By Jefferson Beavers, communication specialist, Department of English
Dr. Robert O’Neil, a Fresno State professor emeritus of English, passed away Oct. 22. He was 93.
A specialist in English education, O’Neil played a key role in the contemporary development of the English Department’s teaching credential program for secondary school teachers, supervising student teachers at area middle schools and high schools. He also taught courses in literature and composition at Fresno State, from 1957-1992.
According to Dr. John R. Hales, professor of English, O’Neil assembled a roster of master teachers, particularly within Fresno Unified, that was ahead of its time.
“They were not just progressive educators, but they were politically and socially active,” Hales said. “Bob ran a student-centered classroom, and he believed in the importance of student empowerment. He saw education as democratization. He didn’t come from a heady university background himself, but he had this real belief in education for everybody.”
Hales said O’Neil made unique collaboration arrangements with local districts, where master teachers from those schools were often recruited as part-time lecturers to teach the methods and materials course (CI 161) at Fresno State, working even more closely with Fresno State credential students.
Hales shared an office with O’Neil for a while, when the English Department was located in the old San Ramon buildings. They bonded over commuting to campus by bicycle. A junior faculty member at the time, Hales said he immediately trusted O’Neil’s good sense and quiet, strong character.
Hales remembers struggling while teaching one of his first literature classes on campus. He told O’Neil, “I keep pitching the ball to them, easy pitches, but they’re not hitting them.” He never forgot O’Neil’s response.
“Bob said, ‘Maybe you should have them throw the ball to each other,’” Hales said. “I kind of knew that, but I needed to be reminded. He was a generation ahead of me, but he was so much more progressive as a teacher.”
In a tribute published in The Fresno Bee, Fresno State alumna Pauline Sahakian remembered taking O’Neil’s undergraduate course in rhetoric. She recalled feeling lost and confused about a writing assignment — a description of a place that conveyed an underlying significance, which should be clear to the reader — until O’Neil met with her in a one-on-one conference.
Sahakian remembered him asking: “Why do you think that?” “Why is it important?” “What does this scene represent?”
“Ultimately, through his questioning and my responding, I found the words to describe the significance of a seemingly normal activity — a walk through a neighborhood — but one that revealed so much more to my young mind,” Sahakian wrote. “… I came to understand this neighborhood as a material world beyond my current grasp.”
Years later, O’Neil found Sahakian teaching at Clovis High, and for the next decade, she felt honored to serve as one of his master teachers.
“It was the highest compliment Dr. O’Neil could have paid me,” Sahakian wrote, “looking at me to share my knowledge of teaching writing, and to inspire teachers in the making.”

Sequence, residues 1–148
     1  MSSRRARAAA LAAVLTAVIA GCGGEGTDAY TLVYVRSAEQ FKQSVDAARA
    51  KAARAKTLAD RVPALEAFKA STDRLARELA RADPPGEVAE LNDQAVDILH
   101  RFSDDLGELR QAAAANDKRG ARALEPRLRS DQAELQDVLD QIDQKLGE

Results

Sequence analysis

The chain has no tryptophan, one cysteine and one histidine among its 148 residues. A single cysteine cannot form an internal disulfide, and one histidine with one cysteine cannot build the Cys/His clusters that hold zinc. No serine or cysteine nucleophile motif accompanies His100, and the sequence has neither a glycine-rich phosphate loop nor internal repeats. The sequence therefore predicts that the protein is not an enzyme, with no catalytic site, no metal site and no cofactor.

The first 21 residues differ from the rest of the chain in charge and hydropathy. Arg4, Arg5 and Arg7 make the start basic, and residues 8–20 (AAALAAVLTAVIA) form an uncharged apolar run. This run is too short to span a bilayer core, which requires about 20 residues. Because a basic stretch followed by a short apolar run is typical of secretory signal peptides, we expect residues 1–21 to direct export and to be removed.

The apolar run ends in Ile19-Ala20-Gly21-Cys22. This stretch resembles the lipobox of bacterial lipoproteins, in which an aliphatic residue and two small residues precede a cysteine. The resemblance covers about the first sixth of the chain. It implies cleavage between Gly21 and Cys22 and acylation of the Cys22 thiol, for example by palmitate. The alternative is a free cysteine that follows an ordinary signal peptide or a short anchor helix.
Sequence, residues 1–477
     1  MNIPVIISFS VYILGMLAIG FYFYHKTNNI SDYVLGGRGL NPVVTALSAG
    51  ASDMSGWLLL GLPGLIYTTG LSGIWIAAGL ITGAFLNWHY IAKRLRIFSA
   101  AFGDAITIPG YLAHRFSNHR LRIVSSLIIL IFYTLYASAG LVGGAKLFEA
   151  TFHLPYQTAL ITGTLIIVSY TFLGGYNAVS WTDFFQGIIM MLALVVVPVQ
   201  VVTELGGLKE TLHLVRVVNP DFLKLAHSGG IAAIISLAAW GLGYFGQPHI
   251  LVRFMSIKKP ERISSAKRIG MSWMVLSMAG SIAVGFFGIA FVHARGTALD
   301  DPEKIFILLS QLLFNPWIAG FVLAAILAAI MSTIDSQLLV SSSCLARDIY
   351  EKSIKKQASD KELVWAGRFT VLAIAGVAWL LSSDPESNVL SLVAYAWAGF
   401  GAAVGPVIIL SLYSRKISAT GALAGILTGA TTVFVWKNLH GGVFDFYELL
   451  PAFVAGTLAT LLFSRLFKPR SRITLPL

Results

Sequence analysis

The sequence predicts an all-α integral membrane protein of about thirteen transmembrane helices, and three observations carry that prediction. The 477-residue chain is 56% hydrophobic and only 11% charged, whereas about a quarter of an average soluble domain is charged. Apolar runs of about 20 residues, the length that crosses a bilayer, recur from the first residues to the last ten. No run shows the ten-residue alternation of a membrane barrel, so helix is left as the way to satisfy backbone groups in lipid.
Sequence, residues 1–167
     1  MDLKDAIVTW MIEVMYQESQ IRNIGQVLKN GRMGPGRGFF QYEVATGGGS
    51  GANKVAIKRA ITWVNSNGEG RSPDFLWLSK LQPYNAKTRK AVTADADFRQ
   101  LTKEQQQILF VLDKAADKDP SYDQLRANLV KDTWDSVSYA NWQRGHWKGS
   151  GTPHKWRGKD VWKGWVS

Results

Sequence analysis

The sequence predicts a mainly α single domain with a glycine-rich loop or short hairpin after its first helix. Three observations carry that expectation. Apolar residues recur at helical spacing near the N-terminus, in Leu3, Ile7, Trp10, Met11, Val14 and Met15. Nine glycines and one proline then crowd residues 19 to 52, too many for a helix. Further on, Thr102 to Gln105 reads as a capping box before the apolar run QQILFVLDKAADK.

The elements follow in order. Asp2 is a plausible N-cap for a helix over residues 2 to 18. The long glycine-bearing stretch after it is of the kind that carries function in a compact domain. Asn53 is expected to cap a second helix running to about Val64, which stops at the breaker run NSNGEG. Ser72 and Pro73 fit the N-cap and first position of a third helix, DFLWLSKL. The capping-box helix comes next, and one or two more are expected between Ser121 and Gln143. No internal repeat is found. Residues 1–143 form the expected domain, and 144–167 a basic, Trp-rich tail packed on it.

Dr. Eugene Zumwalt, a professor emeritus of English, said O’Neil was a devoted teacher who believed in working closely with students on their writing, spending countless hours with them in his office. Zumwalt said O’Neil was also a generous and faithful contributor to the English Department, participating in its debates and committees.
Zumwalt said O’Neil was an avid fly fisherman and fly-tier, he loved hiking in the nearby mountains, and he was always tireless on the trail.
“Bob grew up in Montana and he never forgot that Montana background,” Zumwalt said. “He encouraged less experienced hikers, often with ‘Mr. Goose’ stories, in which Mr. Goose says to Mr. Duck, ‘Mr. Duck, I didn’t know your feets was tired.’ On one famous occasion, when a laggard companion announced he could go no further and wanted his fellow hikers to share his heavy load, Bob replied sadly, ‘I’m very sorry to hear that, but we’ll share the food we have left and our blankets, and we will notify your family where we left you so that they can recover your body and personal belongings.’ After a short period of contemplation, the laggard got up, gathered his belongings, and beat all the rest of the group back to the car.”
According to an obituary published on Legacy.com and printed in The Fresno Bee, O’Neil attended the University of Montana in Missoula. He spent his younger days among the mountains of western Montana, working for the U.S. Forest Service. After military service, O’Neil earned his Ph.D. in English from the University of Washington in Seattle, writing his dissertation on John Bunyan’s Christian allegory, “The Pilgrim’s Progress.” His favorite authors included Henry James and Willa Cather.
O’Neil’s first wife, Karin, passed away in 1994, two years after his retirement from Fresno State. Soon after, he returned to Montana to live out his retirement in Lakeside, south of Kalispell, on the shore of Flathead Lake.
In retirement, O’Neil volunteered at the Northwest Montana History Museum, sponsored and judged the Ted Crail and Della Ve Carr Poetry Contest for high school students, and taught classes in memoir writing for residents of the Buffalo Hill Terrace retirement community.
O’Neil is survived by his second wife, Bobbie; daughter, Anita O’Neil; son, Sean O’Neil; and granddaughter, Maeve Kaufman. No public services were held.